A. It’s sometimes hard to keep track of all the different germs you hear about. Adenovirus is a type of virus that can infect the membranes—that’s the tissue lining—including a child’s respiratory tract, eyes, intestines and urinary tract.
Adenovirus affects babies and children more than adults. It can cause a range of conditions from pink eye to diarrhea. To diagnose adenovirus, we may test your child’s secretions, stool, blood or urine.
It’s important to know if your child has adenovirus in order to determine the best course of treatment. While symptoms can resemble bacterial infections, antibiotics will not make your child feel better.
Adenovirus is very contagious and can spread easily in schools and child-care facilities. Coughs, sneezes and traces of pee and poop are ways the virus is spread. Even holding hands or sharing toys can result in transmission.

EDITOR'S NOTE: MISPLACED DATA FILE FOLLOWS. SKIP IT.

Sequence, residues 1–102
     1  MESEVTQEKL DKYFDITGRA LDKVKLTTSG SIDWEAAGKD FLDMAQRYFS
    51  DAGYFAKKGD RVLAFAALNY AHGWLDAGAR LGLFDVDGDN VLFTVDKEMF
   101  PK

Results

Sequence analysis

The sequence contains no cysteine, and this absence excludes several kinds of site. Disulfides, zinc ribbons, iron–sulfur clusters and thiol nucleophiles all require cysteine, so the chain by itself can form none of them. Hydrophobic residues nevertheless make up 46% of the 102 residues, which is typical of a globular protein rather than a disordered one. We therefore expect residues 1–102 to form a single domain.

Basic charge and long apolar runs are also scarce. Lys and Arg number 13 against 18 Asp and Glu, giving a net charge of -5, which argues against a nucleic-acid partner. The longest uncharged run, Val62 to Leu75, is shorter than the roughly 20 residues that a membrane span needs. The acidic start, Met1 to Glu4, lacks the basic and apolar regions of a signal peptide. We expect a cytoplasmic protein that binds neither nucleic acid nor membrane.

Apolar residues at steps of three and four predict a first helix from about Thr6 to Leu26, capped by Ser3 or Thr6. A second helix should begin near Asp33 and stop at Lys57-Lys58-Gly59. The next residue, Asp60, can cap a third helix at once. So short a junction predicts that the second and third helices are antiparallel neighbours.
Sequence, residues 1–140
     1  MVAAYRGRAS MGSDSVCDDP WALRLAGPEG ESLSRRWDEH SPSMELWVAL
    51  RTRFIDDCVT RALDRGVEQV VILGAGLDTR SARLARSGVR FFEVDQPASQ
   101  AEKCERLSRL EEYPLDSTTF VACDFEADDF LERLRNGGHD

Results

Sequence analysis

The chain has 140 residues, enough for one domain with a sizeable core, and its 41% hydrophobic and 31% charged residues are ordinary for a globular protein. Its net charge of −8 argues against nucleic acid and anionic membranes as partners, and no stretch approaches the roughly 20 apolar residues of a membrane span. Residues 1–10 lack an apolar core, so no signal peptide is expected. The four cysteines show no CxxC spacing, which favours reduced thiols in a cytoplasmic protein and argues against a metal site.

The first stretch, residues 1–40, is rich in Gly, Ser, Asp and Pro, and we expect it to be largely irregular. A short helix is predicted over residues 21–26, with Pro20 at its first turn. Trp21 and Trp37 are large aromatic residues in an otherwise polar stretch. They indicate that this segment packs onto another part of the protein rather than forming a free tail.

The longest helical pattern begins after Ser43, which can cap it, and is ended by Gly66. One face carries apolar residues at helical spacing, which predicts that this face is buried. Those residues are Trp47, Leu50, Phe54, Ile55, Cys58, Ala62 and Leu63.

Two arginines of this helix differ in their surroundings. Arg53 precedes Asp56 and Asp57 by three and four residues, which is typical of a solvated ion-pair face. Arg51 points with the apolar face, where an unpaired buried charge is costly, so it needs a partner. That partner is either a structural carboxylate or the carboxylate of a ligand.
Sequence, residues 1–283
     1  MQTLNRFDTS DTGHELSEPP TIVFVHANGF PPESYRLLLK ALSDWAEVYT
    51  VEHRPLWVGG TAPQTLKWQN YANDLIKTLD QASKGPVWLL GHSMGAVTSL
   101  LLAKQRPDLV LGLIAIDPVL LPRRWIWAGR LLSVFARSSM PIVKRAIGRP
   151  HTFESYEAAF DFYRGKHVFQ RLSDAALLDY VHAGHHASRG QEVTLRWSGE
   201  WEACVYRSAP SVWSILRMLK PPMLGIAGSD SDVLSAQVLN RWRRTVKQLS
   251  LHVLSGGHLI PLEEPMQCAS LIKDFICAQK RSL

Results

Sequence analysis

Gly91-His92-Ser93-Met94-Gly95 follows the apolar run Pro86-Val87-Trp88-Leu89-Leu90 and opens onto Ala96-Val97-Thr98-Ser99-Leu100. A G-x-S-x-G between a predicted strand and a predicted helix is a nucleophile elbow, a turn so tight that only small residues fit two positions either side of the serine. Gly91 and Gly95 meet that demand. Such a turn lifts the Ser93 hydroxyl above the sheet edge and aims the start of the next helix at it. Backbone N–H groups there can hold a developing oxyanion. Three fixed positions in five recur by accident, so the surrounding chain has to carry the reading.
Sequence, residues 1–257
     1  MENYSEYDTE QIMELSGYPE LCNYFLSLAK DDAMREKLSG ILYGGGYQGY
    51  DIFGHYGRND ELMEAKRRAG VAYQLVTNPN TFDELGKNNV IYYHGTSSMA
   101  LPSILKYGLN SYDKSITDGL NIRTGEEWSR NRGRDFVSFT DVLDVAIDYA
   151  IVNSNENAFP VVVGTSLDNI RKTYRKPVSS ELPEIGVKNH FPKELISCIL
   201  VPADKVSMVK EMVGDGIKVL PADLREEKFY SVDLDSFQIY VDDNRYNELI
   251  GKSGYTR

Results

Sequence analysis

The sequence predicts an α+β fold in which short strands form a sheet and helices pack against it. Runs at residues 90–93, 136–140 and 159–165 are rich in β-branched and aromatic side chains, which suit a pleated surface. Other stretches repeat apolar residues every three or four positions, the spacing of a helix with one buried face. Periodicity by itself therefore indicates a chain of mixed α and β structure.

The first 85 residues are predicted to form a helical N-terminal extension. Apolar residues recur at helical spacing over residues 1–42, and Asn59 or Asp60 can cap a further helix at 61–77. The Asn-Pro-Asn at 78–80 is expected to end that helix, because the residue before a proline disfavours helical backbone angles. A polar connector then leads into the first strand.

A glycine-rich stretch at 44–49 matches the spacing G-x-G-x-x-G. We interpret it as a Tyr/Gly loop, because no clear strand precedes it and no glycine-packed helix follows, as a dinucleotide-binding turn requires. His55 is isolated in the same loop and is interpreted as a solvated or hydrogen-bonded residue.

Many viruses resolve themselves with home care. However, if the following conditions develop, your child should be seen by a primary care provider:
· A temperature at or over 100.5 degrees that lasts more than 5 days
· Your child becomes worse, such as acting very sleepy or not willing to drink fluids
· Your child has difficulty breathing or is breathing rapidly
· Redness around the eye or swelling that closes the eyelid
· Your child is less than 3 months old
· You see signs of dehydration, such as low energy, less tears, less urination, dry mouth or sunken eyes
Because adenovirus can cause diarrhea and vomiting, it’s very important to provide adequate hydration and to seek help for a child that seems especially sick.
Have more questions about adenovirus? Call Bluffton Pediatrics at (419) 549-5865.